[Dasyprocta leporina cayana]
Red Rumped Agoutis are approximately two feet long, with a short tail, and weigh 4 to 5 pounds. Their long legs are adapted for fast running. Although their ears are small, they have excellent hearing. The coat is coarse and glossy, and the coloration is brown to black with a yellow to white under belly. The agouti is out during the daytime (diurnal), although if threatened it will not come out to feed until dusk. They live in excavated burrows under rocks, between tree roots, or in sloping banks. They can jump vertically nearly six feet. They often sit with their bodies erect and their ankles flat on the ground so they can dart off at full speed if threatened.
Breeding is seasonal when fruit is in abundance. By eating the fruit they are important seed dispensers for fruit plants to reproduce again the next year. Newborns are fully furred with their eyes open, and are able to run in their first hour after birth. Agoutis are reported to live as mated pairs until death.
They range from southern Mexico to southern South America.
They inhabit forests, thick bush, and Amazon rainforests.
Conservation StatusLeast Concern
Primary ThreatsNo major threats though they are occasionally hunted.
Agouti litters can have 1-3 babies.
Red-rumped agoutis live close to water and construct burrows among limestone boulders, river banks and under tree roots. Each has several sleeping areas -- hollow logs, under dense vegetation, among tree roots -- and well defined paths radiate from the shelters. Basically diurnal, they have become nocturnal where hunted. They walk, trot, and gallop on their toes and can jump up to 6.5 feet. They often sit erect with ankles flat on the ground ready to dart off at full speed. The basic social unit is the mated pair that bond until death. The male aggressively chases off intruding agoutis and severe wounds result from this vicious fighting. When disturbed, they may thump the ground with their hind feet. They have many vocalizations, most notable an alarm bark as they run from danger. They are important agents of seed-dispersal, as they will often bury fruits and nuts in a cache when food is plentiful.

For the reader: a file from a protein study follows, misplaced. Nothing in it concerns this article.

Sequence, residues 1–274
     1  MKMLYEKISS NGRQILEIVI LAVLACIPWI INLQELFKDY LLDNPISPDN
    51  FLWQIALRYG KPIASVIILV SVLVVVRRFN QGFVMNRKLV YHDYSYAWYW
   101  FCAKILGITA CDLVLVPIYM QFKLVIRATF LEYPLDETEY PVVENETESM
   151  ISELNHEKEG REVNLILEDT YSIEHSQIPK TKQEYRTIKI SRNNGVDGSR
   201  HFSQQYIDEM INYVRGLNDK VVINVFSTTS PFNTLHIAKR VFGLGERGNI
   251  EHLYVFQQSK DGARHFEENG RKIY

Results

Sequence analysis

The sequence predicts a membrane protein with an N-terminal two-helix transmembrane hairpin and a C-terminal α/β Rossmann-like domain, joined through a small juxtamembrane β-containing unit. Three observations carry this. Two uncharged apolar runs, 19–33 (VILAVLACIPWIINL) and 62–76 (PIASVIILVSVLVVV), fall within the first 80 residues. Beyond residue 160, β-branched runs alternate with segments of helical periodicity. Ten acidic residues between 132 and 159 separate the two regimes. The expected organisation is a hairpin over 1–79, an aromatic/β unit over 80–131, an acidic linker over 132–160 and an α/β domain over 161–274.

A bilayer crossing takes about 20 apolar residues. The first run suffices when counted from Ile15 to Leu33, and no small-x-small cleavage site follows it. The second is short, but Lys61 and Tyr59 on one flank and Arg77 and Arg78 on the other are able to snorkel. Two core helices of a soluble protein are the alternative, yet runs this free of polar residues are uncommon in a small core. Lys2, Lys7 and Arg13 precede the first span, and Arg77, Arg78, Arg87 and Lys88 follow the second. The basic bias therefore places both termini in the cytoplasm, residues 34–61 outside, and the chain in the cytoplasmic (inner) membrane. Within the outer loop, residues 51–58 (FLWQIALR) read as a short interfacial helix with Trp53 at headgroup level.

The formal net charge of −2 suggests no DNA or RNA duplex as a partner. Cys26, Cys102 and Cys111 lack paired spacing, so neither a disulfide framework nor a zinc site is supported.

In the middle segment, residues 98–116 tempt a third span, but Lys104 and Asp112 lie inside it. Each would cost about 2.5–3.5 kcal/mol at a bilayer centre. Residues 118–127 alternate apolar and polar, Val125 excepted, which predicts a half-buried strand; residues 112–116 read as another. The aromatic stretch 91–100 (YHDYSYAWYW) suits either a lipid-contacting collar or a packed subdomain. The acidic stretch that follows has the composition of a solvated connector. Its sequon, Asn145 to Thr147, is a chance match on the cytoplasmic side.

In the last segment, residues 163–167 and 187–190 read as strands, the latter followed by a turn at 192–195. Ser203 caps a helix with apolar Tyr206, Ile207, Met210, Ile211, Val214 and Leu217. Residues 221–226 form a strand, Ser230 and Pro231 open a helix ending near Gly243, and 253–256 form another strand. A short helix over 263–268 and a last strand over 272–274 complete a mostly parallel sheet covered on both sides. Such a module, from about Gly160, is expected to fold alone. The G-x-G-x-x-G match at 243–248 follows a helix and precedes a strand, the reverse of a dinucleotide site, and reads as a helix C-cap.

In red-rumped agoutis, both seasonal and continuous reproduction takes place in captivity. Most births occur between March and July when fruit is abundant. The male sprays the female with urine, causing her to go into a "frenzy dance" which allows the male to approach. Newborns are born in advanced state and able to feed themselves almost immediately (precocial). They are on their feet and can run within an hour after birth. Nursing lasts for 20 weeks.
Fruits, vegetables, nuts, various succulent plants.
Rodent chow, greens, timothy hay, fruit, yams, endive.